Jay Gonzalez’s Jabs About Vision Thing Parried By Charlie Baker — Beacon Hill Recap

Printed from: https://newbostonpost.com/2018/10/14/jay-gonzalezs-jabs-about-vision-thing-parried-by-charlie-baker-beacon-hill-recap/

By Matt Murphy

The consensus seemed to be that Jay Gonzalez needed a moment.

It didn’t have to be as dramatic as breaking down into tears over a down-on-his-luck fisherman that may or may not exist, but a moment nonetheless. One to change the trajectory of his race against Governor Charlie Baker and get voters to remember his name.

Yet another poll this week reminded that Gonzalez is trailing the incumbent by 39 points, give or take.

Unfortunately, for Gonzalez the lasting memory of Tuesday night for many many voters might be Ian Kinsler doubling to deep left in the third and setting the stage for the Yankees elimination party that would follow.

Neither Gonzalez nor Baker could do anything about the fact that their first debate was going head-to-head on TV against a Red Sox-Yankees playoff tilt, but those who did choose to tune in got a good feel for exactly what this race has been about.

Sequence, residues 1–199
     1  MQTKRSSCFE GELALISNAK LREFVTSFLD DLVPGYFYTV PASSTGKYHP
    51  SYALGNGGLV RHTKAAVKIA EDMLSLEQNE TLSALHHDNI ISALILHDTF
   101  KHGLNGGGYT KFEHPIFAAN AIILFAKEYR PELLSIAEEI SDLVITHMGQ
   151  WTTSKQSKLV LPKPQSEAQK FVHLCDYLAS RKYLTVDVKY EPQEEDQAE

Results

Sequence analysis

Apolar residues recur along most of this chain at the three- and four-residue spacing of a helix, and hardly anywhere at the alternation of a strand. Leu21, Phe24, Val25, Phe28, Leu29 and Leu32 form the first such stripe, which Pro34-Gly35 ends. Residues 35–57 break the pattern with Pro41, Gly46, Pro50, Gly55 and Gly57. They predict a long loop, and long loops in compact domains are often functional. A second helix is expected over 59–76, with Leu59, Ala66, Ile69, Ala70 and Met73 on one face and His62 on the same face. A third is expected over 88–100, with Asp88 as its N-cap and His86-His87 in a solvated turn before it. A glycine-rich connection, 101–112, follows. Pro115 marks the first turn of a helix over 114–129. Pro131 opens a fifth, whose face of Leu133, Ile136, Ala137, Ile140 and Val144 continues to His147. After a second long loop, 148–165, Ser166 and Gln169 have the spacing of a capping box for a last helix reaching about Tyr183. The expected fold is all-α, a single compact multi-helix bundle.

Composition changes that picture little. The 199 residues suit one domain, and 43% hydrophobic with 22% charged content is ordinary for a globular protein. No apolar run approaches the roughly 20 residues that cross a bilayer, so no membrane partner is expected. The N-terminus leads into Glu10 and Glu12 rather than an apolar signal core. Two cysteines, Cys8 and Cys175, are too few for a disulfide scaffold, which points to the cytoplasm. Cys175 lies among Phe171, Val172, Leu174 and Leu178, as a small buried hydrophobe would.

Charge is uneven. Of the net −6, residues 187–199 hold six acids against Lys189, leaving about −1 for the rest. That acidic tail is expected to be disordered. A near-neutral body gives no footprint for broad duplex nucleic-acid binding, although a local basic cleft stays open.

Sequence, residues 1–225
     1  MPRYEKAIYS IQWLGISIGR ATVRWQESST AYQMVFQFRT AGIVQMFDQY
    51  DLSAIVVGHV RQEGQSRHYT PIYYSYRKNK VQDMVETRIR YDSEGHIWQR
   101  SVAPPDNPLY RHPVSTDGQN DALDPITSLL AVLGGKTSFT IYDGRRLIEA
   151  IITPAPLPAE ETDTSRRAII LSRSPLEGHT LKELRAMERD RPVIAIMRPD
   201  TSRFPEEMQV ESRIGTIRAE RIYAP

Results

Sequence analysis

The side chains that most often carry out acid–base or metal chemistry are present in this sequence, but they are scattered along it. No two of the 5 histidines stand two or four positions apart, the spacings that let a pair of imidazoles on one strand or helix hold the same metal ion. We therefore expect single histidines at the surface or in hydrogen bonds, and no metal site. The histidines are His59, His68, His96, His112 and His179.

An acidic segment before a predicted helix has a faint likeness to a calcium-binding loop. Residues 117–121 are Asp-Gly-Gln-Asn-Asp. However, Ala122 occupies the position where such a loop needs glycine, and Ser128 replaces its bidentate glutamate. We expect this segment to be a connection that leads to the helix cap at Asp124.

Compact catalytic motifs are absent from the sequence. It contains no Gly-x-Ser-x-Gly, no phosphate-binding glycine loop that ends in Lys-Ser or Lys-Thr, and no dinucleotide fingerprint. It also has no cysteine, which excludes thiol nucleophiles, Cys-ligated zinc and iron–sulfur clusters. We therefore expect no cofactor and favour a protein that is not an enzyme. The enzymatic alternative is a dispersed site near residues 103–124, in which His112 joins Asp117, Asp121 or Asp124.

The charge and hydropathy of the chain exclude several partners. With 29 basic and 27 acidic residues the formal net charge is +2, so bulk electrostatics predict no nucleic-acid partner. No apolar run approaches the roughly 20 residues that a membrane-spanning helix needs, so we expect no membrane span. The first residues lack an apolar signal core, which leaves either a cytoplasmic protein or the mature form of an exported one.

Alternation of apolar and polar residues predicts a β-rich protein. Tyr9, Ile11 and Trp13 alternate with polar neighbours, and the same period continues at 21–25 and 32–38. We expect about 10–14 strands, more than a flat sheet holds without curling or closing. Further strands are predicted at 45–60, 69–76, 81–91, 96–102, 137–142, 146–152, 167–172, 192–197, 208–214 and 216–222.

Gonzalez delivered all his hits, from wanting to be a governor who “aims high” and fights for the “little guy,” to accusing Baker of being too focused on “small-ball, status quo stuff.”

As the debate veered from transportation to education and Gonzalez’s tax plan, Baker, who had until this point not really engaged with Gonzalez’s criticisms, pushed back, at times effectively. He tackled the Democrats’ main dig at his four years in office — a lack of vision — and went right at Gonzalez’s record as budget chief under Deval Patrick. He even branded Gonzalez’s endowment tax proposal as insufficient to cover all of the Democrat’s promised spending.

“If I was a status quo governor, there’d still be thousands of homeless families living in hotels and motels in Massachusetts — there aren’t,” Baker said. “If I was a status quo governor, we wouldn’t have a huge offshore wind and hydro program going on to replace a third of our fossil fuels with clean, renewable energy.”